Ashish Shukla for BeyondHeadlines
Pakistan started its journey as an independent state in 1947 when Mohmmad Ali Jinnah and his associates successfully persuaded, on the basis of a communal Two Nation Theory, the British to partition India and help them achieve a separate homeland for the Muslims of Indian subcontinent. British did it for an obvious reason—having a foothold in the Indian subcontinent in order to pursue their interests in the region. It is an established fact that in order to gain support and to sell the very idea of Pakistan, Jinnah, a non-practicing Muslim, agreed to conflicting demands of various sections of Indian society. Prof. Ishtiaq Ahmed in his recent study The Punjab Bloodied: Partitioned and Cleansed claim that Jinnah even tried to woo Sikhs of undivided Punjab with an open offer of anything they wanted. When Sikhs questioned the legitimacy of any such agreement in Pakistan, he responded by saying that his words, in Pakistan, would be the words of Allah. However, Sikhs didn’t believe him and the agreement never happened.
Jinnah, having British by his side, with not so much difficulty achieved the goal of a separate state of Pakistan and surprisingly many of his associates called it a moth-eaten entity. Pakistani establishment refused to acknowledge the common cultural heritage of the Indian subcontinent, popularly known as Ganga-Jamuni Tahjeeb, and emphasised on the point of being different from India which they defined as “Hindu India”. Due to this very attitude, Pakistan soon acquired a negative identity which can be best described as—Non-Indian, Un-Indian and Anti-Indian. There were many learned Muslims in undivided India including Maulana Abul Kalam Azad who unsuccessfully tried to avert the partition. Later when partition appeared inevitable, Maulana Azad proclaimed that with the cooling down of creative warmth the inherent contradictions would emerge in the newly established state. This happened sooner, rather than later, when the enthusiastic leaders of Pakistan movement failed to meet the modest expectations and aspirations of their fellow Muslim citizens, let alone satisfying religious minorities who stayed back because of the promise Jinnah had made to them. The condition of religious minorities in the country finds a reflection in a couplet by a young Pakistani poet which says “Jane kab kaun kisko maar de kafir kahkar, Shahar ka shahar muslman bana firta hai”.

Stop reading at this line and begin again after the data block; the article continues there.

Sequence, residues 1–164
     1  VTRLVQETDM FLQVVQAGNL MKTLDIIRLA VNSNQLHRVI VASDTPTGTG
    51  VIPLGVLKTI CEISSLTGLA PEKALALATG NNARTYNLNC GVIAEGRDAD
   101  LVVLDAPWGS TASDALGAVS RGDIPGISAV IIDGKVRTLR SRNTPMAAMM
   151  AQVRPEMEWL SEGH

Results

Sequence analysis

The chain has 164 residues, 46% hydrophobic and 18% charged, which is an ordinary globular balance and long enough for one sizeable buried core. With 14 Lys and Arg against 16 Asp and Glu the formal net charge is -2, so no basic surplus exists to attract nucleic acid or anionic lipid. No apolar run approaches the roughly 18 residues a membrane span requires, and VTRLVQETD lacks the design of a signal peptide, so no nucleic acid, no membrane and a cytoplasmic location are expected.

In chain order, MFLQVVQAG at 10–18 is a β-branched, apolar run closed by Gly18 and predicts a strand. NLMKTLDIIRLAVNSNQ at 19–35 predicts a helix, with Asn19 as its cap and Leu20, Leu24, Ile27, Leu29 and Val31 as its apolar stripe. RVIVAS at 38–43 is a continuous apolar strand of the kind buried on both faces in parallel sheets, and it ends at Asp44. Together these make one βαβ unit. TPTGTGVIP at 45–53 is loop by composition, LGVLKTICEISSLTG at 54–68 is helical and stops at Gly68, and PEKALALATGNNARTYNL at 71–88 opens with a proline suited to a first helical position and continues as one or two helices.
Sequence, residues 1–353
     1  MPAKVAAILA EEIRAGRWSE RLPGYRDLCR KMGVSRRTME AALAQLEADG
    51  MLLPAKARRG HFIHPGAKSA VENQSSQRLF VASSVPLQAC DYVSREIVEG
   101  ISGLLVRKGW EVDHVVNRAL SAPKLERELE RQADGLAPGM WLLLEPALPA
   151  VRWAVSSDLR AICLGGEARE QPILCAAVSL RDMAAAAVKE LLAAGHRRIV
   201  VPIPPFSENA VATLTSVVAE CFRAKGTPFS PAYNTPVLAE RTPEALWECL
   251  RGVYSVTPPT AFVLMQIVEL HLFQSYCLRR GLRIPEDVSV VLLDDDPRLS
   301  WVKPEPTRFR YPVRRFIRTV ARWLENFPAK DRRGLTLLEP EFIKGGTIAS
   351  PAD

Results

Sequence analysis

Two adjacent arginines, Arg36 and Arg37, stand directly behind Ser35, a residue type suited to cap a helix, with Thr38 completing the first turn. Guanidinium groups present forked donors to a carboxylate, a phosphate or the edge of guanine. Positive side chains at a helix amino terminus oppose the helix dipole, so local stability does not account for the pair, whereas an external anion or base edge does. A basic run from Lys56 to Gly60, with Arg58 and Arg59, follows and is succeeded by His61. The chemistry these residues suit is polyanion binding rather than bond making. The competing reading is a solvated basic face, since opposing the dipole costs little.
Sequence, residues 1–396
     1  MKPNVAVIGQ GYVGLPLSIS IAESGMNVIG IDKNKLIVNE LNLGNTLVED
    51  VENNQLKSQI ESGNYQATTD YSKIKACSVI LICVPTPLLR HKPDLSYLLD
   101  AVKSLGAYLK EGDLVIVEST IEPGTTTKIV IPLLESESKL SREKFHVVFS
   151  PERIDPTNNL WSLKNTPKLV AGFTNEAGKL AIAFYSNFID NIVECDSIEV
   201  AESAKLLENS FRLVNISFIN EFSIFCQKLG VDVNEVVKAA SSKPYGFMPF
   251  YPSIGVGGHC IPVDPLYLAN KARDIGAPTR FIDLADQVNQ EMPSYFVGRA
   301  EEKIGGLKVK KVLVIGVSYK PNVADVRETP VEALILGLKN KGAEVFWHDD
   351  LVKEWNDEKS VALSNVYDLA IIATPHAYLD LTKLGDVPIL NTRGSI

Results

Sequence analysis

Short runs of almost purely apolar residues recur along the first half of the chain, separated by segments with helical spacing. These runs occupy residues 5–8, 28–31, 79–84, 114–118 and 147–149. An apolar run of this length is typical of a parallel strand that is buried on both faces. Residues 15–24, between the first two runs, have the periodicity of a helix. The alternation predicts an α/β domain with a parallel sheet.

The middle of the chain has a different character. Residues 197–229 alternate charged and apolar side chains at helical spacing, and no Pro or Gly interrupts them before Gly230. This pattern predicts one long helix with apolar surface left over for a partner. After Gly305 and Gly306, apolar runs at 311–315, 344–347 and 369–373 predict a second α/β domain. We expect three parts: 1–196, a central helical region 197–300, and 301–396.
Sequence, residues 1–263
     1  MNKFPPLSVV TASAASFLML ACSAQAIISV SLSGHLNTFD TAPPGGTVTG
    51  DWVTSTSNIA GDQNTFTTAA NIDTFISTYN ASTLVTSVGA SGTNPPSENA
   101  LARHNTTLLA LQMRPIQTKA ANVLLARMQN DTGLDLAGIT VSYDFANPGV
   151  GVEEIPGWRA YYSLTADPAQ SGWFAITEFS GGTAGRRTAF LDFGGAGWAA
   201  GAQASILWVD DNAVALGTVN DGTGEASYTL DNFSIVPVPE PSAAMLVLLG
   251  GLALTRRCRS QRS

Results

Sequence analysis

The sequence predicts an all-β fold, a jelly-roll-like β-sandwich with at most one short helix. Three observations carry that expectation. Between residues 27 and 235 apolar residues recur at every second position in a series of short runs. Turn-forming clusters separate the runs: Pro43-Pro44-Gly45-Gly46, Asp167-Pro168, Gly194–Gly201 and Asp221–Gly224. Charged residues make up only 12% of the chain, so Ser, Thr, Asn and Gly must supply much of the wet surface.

Pakistan was the first state of its kind which was created in the name of Islam, as Javed Jabbar claims in his work Pakistan: Identity and Destiny, on a land which is neither homeland nor headquarter of Islam. The forefathers of Pakistan had thought of Islam as a unifying force with an ability of uniting all the people having faith in Islam. This proved to be a blunder when various sects started questioning authenticity of each other’s interpretation of Islam. These debates intensified after the departure of Quaid-e-Azam Mohammad Ali Jinnah and Nawabzada Liaqat Ali Khan from the scene.
The wisest men of Pakistan took nine years to deliver a constitution in 1956 which was unfortunately abrogated within two years after coming into existence. The complete failure of political leadership inadvertently led to the strengthening of the institution of military in the country. Military, while being in power, appointed itself the guardian of the state and in that capacity claimed to defend both the territorial and ideological frontiers of Pakistan. Since then onwards, Islam was repeatedly used by both civilian and military rulers to gain legitimacy in the eyes of general public. General Zia-ul-Haq, the third military ruler and a devout Sunni Muslim, after overthrowing the civilian government of Zulfiqar Ali Bhutto embarked upon the Islamisation or better to say Sunniasation programme. In his first public appearance, after the military coup, he proclaimed that since Pakistan came into being in the name of Islam, it would survive only if it sticks to Islam.